On Wednesday 23 May 2012, at slightly after 2.35 pm British Summertime (slightly after 1.35 pm GMT), an Earthquake was recorded by the British Geological Survey beneath the English Channel, roughly 70 km south of Eastbourne or 50 km west of Dieppe. The depth of the quake was unclear, but it was recorded as measuring 2.2 on the Richter Scale. The quake is unlikely to have been felt by anyone, much less to have caused any damage or casualties. Potentially a quake this size underwater could create a small tsunami, but nothing seems to have been observed in this instance.
The causes of Earthquakes in the English Channel are complex, being influenced by tectonic pressures from a number of sources. Europe is being pushed from the West by the expansion of the Atlantic and from the south by the northward movement of the African Plate. More locally there are lesser centers of expansion beneath the North Sea, the Rhine Valley and the Bay of Biscay, which excerpt pressure in the Channel Region. Finally there is glacial rebound; much of northern Europe was buried beneath hundreds of meters of ice till about 10 000 years ago. This pushed the rocks of the crust down into the lithosphere, and now the ice is gone the rocks are slowly rebounding.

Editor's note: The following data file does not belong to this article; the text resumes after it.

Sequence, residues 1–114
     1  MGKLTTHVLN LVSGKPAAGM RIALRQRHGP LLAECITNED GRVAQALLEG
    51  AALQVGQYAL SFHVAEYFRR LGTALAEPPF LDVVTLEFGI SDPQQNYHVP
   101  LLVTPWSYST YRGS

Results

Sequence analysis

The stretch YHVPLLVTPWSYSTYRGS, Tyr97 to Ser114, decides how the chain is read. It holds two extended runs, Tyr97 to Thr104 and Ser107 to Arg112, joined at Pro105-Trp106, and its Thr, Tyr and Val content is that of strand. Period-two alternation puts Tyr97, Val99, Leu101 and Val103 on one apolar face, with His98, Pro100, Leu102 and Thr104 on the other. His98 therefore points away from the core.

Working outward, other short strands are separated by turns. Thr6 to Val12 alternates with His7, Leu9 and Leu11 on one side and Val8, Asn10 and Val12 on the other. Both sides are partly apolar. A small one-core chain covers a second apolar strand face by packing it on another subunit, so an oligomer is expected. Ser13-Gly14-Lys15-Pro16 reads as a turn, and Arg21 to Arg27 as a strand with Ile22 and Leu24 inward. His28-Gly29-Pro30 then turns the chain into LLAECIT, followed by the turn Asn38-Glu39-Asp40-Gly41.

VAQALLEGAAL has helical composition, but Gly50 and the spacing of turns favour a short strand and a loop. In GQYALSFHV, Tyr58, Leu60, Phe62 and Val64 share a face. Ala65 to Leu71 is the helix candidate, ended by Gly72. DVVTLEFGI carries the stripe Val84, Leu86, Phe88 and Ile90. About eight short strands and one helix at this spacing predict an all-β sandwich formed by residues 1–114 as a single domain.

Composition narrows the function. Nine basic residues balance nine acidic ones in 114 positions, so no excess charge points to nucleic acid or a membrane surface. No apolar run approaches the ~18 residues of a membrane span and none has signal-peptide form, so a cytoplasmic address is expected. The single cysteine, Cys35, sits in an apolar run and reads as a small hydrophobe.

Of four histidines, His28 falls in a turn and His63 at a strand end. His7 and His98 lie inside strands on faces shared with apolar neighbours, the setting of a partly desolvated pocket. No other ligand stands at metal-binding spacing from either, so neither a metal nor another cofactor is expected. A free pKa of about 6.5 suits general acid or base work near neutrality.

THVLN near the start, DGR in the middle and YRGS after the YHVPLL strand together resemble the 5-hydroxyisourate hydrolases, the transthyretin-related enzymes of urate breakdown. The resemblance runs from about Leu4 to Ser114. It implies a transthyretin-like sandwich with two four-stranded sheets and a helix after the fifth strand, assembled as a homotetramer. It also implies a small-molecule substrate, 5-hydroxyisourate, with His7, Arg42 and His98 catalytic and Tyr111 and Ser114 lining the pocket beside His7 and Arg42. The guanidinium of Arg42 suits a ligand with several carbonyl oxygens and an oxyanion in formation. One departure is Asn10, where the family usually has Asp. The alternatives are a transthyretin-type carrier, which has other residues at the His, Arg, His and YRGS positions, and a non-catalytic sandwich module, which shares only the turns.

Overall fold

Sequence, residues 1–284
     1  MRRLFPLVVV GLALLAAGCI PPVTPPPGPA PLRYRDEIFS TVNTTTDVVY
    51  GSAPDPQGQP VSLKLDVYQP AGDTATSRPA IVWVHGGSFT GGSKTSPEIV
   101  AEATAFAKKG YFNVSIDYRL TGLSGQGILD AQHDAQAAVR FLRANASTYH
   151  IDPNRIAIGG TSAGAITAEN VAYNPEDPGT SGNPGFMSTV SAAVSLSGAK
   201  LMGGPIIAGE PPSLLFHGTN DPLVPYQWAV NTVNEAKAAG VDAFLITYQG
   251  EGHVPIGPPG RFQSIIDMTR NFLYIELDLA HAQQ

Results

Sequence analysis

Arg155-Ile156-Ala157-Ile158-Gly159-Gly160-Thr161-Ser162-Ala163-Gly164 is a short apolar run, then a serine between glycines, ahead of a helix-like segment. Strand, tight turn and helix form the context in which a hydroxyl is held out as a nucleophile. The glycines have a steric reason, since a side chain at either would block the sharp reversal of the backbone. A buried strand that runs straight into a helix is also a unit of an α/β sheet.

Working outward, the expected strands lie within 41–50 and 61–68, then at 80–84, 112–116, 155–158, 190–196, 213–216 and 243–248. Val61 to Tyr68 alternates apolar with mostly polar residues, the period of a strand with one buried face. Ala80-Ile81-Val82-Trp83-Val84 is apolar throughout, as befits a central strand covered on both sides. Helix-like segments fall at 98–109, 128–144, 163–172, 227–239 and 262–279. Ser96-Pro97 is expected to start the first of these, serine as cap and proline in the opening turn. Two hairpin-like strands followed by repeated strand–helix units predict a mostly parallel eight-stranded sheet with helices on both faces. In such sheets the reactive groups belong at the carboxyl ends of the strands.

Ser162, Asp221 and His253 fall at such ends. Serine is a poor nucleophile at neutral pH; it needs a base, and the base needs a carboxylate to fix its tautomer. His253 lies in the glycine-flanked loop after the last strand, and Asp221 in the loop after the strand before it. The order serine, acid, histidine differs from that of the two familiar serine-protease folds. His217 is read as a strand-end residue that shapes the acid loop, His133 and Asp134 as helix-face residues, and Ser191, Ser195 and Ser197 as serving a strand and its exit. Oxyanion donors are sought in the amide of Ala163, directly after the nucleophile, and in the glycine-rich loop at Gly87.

See also An Earthquake off the coast of Margate, 8 April 2012, Section of White Cliffs of Dover collapses into the sea, Earthquake in the Netherlands. 8 September 2011, Earthquakes on Sciency Thoughts YouTube and 21 May 1382. Canterbury Cathedral partially destroyed by Earthquake on Historical Thoughts.
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